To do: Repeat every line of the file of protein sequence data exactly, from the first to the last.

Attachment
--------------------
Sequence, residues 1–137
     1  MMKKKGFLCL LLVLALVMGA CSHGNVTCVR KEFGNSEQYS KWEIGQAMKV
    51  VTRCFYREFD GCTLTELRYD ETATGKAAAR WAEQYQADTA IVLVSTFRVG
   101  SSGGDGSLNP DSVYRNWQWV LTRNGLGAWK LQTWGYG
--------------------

Sequence, residues 1–137
     1  MMKKKGFLCL LLVLALVMGA CSHGNVTCVR KEFGNSEQYS KWEIGQAMKV
    51  VTRCFYREFD GCTLTELRYD ETATGKAAAR WAEQYQADTA IVLVSTFRVG
   101  SSGGDGSLNP DSVYRNWQWV LTRNGLGAWK LQTWGYG